Dialogue sounds false whenever it contains information that the

characters would already know but the writer inserts as exposition, as in “My mother, Geraldine, would be very happy to come to your house for

dinner Uncle Joseph.” Obviously, the dialogue should be more along the

lines of “Mom would love to come for dinner, thanks.” We assume the

uncle knows the speaker’s mother’s name already.

Dialogue also sounds stilted when characters speak outside of their

own idiom. When my first novel was being copyedited in manuscript, an

overzealous copy editor wanted me to change a line in which an Alaskan

fisherman in a bar jokes about committing “hari-kari.” The copy editor changed it to the correct term for Japanese ritual suicide, hara-kiri. I

argued that my character would use the familiar Americanized version,

even if it were incorrect. Had the character called it the more formal term

in Japanese, seppuku, the dialogue would have been even more stilted.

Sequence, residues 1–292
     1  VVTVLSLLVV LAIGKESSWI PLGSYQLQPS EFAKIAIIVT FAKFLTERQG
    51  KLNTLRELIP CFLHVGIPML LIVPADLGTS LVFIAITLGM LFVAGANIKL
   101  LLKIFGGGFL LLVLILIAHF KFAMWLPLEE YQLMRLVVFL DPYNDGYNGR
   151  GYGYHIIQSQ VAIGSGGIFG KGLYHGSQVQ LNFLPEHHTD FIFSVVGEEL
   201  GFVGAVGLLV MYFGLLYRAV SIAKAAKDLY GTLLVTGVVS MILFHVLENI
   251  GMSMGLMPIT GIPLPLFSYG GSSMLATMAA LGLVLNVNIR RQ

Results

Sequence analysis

In that instance the dialogue was being criticized inappropriately for

being too informal; when the dialogue is too formal, it also becomes

stilted. While a certain academic might speak in term of dialectics and

discourse modalities to his advanced literary theory class, if he spoke that

way to his plumber it would either be laughable or pathetic. If not being used for comic effect it would just be bad dialogue. As I noted in the

dialogue chapter earlier, read your dialogue aloud. If you find yourself

stumbling over the words your characters are speaking in your scenes, it’s

time to revise. 

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